Microsoft Office Tutorials and References
In Depth Information
Entering Text: Trespassing Allowed
Figure 2–19. The case of the disappearing word
Now , Houston, we have a problem—a rather obvious one. We have seen that as long as the
adjoining cells to the right remain empty, it’s perfectly permissible to enter a lengthy phrase (at least one
comprising text—more on this soon) in a cell, even if its contents encroach on the nearby cells. But type
anything—even one character—in one of the adjoining, empty-till-now cells, and the cell reclaims its
own turf, barring any excess text from other cells to its left. As a result, you’ll have two obvious questions:
Has the clipped text in cell A3 been somehow deleted, and, whatever the answer to that question, what
do we do next?
The answer to the first question is: No. Click back on cell A3 and scan the formula bar. You’ll see that
the phrase “Microsoft Excel” is intact. None of it has been deleted, but rather some of it—that segment
which had spilled into B3—has been obscured by the text entered in that latter cell. And that’s what
happens to text if it exceeds its column boundary: it continues untouched across empty, adjoining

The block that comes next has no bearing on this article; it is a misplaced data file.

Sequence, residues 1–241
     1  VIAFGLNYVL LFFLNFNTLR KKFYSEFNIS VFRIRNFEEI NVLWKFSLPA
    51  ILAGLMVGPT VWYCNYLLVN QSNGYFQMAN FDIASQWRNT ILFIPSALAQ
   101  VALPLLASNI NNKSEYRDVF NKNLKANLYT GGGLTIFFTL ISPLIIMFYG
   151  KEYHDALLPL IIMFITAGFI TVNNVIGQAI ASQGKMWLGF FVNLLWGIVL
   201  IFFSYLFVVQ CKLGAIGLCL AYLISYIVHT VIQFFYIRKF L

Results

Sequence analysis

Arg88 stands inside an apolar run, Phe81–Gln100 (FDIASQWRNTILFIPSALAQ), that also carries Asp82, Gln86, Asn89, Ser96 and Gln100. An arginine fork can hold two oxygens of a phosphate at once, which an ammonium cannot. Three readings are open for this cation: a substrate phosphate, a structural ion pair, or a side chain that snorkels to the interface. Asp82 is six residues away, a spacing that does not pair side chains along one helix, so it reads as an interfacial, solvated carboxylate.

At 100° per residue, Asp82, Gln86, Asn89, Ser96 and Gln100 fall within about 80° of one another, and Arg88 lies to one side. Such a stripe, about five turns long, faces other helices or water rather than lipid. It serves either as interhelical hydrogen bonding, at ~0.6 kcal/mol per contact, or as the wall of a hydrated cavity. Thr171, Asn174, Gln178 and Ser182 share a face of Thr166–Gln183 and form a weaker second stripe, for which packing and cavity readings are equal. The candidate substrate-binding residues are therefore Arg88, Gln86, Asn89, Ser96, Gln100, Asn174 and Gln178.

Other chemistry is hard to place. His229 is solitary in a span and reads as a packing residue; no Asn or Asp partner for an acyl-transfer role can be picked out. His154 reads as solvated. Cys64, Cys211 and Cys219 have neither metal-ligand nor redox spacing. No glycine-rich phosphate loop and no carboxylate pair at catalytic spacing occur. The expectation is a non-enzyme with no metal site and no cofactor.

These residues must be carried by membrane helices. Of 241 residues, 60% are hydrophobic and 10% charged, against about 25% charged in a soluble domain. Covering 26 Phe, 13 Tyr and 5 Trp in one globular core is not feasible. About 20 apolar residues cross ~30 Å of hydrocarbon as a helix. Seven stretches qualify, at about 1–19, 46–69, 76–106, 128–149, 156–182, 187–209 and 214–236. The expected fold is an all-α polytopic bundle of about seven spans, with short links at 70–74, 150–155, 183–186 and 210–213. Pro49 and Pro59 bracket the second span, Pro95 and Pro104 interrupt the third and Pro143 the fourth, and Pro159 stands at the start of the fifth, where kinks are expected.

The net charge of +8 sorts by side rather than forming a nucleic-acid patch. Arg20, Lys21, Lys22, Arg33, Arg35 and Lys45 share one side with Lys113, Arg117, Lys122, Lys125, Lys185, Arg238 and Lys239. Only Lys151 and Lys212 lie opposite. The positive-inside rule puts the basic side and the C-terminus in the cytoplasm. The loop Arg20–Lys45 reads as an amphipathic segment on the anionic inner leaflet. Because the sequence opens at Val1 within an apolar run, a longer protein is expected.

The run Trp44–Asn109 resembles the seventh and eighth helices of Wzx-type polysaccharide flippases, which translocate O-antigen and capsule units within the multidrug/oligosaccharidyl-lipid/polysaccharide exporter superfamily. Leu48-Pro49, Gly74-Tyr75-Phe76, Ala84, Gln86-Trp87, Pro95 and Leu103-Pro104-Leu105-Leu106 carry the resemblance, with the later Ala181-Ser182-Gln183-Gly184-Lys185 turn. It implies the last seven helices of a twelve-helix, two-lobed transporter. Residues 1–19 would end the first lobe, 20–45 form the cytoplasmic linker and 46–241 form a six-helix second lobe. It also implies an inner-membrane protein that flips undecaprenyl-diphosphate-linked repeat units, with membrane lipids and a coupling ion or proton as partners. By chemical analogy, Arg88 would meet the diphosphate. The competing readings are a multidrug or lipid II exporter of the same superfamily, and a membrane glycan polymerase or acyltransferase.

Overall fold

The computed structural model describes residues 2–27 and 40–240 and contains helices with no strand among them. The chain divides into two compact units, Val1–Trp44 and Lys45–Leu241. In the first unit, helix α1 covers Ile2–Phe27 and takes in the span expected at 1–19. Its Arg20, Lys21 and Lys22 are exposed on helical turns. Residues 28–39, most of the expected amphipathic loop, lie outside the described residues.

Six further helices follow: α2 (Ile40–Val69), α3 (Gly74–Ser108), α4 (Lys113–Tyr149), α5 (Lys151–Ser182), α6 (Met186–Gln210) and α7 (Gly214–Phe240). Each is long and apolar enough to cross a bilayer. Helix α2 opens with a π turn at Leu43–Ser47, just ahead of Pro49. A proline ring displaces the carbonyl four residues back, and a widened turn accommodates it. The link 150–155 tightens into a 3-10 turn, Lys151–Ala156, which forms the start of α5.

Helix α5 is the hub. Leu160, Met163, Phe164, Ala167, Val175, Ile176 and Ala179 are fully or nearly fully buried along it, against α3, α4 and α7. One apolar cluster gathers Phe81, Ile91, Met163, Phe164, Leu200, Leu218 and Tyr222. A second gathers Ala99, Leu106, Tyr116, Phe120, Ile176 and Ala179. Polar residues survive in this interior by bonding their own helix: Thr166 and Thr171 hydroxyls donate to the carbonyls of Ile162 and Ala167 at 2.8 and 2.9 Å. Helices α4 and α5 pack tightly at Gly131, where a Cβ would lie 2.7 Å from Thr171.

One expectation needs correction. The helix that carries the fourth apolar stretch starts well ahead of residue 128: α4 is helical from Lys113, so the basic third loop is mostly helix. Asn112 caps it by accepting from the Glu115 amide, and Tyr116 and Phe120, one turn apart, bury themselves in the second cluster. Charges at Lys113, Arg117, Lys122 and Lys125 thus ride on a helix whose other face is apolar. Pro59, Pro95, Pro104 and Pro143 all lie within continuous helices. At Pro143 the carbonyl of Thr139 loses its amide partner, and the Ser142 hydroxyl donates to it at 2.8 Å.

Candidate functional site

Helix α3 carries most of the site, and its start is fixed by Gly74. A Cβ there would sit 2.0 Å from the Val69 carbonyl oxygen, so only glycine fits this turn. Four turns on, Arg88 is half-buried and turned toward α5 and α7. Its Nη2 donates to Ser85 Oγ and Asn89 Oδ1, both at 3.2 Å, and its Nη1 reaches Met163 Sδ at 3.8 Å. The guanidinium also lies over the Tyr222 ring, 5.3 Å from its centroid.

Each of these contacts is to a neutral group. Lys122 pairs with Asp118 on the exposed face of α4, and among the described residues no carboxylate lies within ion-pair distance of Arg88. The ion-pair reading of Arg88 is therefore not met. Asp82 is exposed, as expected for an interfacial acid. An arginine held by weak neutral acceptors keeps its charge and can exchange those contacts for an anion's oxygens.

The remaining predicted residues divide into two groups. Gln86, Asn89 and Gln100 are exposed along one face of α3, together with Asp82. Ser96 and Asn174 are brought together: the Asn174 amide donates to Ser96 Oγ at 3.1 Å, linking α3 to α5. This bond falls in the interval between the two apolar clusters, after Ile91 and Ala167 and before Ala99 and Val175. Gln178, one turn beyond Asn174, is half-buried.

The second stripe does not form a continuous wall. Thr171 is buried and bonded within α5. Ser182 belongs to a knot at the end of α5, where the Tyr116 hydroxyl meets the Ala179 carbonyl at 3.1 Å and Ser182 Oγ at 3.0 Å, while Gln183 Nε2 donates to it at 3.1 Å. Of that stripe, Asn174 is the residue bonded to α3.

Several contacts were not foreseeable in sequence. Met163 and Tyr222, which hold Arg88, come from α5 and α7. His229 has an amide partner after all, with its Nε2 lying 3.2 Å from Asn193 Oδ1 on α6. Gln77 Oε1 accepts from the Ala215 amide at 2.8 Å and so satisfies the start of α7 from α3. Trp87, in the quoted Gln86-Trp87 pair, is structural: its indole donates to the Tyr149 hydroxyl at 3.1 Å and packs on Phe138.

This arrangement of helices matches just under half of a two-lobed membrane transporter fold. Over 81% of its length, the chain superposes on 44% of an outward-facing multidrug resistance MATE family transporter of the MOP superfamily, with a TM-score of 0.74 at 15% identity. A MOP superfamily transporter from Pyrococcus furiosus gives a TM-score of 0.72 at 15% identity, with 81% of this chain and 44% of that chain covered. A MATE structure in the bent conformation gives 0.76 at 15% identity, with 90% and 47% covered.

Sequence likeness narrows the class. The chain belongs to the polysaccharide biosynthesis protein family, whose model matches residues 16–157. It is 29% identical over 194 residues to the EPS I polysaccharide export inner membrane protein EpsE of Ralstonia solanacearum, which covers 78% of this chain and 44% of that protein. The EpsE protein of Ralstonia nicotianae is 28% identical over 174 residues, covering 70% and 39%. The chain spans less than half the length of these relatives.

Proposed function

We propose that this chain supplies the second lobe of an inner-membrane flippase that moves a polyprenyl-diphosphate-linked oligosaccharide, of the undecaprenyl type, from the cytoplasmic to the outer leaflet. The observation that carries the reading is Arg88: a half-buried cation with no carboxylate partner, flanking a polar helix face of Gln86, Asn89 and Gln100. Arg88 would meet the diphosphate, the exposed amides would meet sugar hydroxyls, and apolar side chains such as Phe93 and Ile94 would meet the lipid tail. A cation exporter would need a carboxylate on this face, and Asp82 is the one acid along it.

cells—until one of those cells is empty no longer. It’s then visually restricted to its own column.
And as for question two: If we delete the entry in cell B3, then all the text in A3 reappears on screen.
But if we want to keep “Thursday” in its place, we need to widen the column in which “Microsoft Excel”
resides—in this case—the column A. Doing so should make room for all the text in both cells.
There is, as is usual with the Office programs, more than one way to do this. The two easiest and
fastest are carried out as follows:
With your mouse, move up to the right boundary of the column you wish to widen (and not row
1). What started out as Excel’s familiar thick white cross—the one you see when you move about the
worksheet proper—should now appear as the slender, black, double-arrowed object seen in Figure 2–